GLOBAL REACH 2018: intra-arterial vitamin C improves endothelial-dependent vasodilatory function in humans at high altitude.
Journal Article (Journal Article)
High altitude-induced hypoxaemia is often associated with peripheral vascular dysfunction. However, the basic mechanism(s) underlying high-altitude vascular impairments remains unclear. This study tested the hypothesis that oxidative stress contributes to the impairments in endothelial function during early acclimatization to high altitude. Ten young healthy lowlanders were tested at sea level (344 m) and following 4-6 days at high altitude (4300 m). Vascular endothelial function was determined using the isolated perfused forearm technique with forearm blood flow (FBF) measured by strain-gauge venous occlusion plethysmography. FBF was quantified in response to acetylcholine (ACh), sodium nitroprusside (SNP) and a co-infusion of ACh with the antioxidant vitamin C (ACh+VitC). The total FBF response to ACh (area under the curve) was ∼30% lower at high altitude than at sea level (P = 0.048). There was no difference in the response to SNP at high altitude (P = 0.860). At sea level, the co-infusion of ACh+VitC had no influence on the FBF dose response (P = 0.268); however, at high altitude ACh+VitC resulted in an average increase in the FBF dose response by ∼20% (P = 0.019). At high altitude, the decreased FBF response to ACh, and the increase in FBF in response to ACh+VitC, were associated with the magnitude of arterial hypoxaemia (R2 = 0.60, P = 0.008 and R2 = 0.63, P = 0.006, respectively). Collectively, these data support the hypothesis that impairments in vascular endothelial function at high altitude are in part attributable to oxidative stress, a consequence of the magnitude of hypoxaemia. These data extend our basic understanding of vascular (mal)adaptation to high-altitude sojourns, with important implications for understanding the aetiology of high altitude-related vascular dysfunction. KEY POINTS: Vascular dysfunction has been demonstrated in lowlanders at high altitude (>4000 m). However, the extent of impairment and the delineation of contributing mechanisms have remained unclear. Using the gold-standard isolated perfused forearm model, we determined the extent of vasodilatory dysfunction and oxidative stress as a contributing mechanism in healthy lowlanders before and 4-6 days after rapid ascent to 4300 m. The total forearm blood flow response to acetylcholine at high altitude was decreased by ∼30%. Co-infusion of acetylcholine with the antioxidant vitamin C partially restored the total forearm blood flow by ∼20%. The magnitude of forearm blood flow reduction, as well as the impact of oxidative stress, was positively associated with the individual severity of hypoxaemia. These data extend our basic understanding of vascular (mal)adaptation to high-altitude sojourns, with important implications for understanding the aetiology of high altitude-related changes in endothelial-mediated vasodilatory function.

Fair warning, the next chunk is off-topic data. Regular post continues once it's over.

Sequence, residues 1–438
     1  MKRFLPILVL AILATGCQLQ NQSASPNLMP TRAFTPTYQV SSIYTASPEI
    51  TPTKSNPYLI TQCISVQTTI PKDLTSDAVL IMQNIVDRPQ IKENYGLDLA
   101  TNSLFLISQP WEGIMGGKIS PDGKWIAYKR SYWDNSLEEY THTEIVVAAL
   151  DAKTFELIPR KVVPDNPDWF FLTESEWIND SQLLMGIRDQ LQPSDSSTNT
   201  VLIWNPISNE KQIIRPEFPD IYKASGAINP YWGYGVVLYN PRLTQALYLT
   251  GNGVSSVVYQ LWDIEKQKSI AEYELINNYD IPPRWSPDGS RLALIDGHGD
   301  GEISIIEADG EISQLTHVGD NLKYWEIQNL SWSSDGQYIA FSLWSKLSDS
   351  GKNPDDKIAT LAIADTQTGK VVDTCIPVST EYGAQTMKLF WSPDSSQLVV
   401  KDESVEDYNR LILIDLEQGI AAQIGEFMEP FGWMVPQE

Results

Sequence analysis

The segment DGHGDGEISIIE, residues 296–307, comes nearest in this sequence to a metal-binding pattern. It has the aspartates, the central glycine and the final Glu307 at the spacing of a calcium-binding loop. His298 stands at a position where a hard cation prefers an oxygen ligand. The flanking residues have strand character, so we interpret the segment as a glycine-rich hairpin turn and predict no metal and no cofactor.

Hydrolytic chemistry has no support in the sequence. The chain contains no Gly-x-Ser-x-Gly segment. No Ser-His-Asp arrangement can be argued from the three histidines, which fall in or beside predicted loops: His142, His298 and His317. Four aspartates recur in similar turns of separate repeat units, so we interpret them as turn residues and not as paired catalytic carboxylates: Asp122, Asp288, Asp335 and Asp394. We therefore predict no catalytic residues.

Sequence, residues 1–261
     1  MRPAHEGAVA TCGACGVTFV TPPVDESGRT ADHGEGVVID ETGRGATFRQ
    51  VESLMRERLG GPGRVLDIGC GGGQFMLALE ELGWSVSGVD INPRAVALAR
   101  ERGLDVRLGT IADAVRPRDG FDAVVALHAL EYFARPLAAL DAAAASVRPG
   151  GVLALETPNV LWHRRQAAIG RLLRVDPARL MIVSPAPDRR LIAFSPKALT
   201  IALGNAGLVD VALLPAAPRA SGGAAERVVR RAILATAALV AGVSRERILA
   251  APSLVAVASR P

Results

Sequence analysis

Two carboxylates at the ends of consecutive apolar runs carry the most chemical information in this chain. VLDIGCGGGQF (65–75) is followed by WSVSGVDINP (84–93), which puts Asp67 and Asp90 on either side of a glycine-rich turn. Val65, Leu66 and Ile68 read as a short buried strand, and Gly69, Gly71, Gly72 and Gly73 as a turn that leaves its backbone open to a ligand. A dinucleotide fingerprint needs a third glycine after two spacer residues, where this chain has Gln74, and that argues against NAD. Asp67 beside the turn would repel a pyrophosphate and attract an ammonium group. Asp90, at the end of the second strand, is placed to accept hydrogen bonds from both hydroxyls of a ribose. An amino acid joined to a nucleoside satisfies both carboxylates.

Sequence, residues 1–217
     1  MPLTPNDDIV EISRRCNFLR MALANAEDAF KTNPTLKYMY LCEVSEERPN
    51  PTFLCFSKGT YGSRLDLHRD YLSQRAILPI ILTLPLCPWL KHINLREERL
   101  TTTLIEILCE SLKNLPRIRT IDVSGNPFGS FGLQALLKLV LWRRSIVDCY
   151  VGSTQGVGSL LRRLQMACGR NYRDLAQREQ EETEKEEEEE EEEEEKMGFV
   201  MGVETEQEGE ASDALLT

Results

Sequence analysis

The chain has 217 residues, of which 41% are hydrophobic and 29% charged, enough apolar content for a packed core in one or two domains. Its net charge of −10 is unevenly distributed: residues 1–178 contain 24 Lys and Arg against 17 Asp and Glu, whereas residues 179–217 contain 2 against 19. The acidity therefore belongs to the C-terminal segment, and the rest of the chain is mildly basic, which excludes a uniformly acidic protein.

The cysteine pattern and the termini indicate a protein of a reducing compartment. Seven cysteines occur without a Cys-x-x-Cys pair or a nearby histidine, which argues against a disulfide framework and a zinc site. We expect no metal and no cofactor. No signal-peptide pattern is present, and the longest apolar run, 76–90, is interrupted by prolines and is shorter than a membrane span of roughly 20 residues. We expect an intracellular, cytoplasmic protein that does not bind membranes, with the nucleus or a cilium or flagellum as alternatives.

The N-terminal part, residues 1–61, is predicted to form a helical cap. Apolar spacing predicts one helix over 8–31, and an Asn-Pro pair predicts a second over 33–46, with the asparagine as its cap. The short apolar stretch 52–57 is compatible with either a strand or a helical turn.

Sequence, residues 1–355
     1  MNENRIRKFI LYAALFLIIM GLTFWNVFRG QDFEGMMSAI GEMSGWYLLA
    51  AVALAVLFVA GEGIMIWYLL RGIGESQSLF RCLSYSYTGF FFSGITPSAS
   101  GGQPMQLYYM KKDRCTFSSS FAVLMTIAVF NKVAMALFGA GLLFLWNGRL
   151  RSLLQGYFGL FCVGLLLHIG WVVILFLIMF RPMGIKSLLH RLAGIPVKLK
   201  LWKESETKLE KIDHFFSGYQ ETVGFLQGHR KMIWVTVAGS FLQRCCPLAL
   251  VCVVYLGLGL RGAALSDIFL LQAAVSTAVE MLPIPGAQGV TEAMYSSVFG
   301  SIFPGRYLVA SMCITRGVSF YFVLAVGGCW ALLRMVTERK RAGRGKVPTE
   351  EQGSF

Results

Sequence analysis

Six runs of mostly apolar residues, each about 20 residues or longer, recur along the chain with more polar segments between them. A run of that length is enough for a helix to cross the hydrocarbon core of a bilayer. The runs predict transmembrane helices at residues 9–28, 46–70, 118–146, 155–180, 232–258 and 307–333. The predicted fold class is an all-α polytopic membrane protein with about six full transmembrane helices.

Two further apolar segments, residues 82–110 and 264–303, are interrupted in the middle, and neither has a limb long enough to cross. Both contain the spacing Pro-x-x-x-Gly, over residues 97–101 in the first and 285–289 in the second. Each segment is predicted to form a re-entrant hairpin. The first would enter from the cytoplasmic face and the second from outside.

- Stone, RM; Ainslie, PN; Tremblay, JC; Akins, JD; MacLeod, DB; Tymko, MM; DeSouza, CA; Bain, AR
- March 2022
Volume / Issue
- 600 / 6
Start / End Page
- 1373 - 1383
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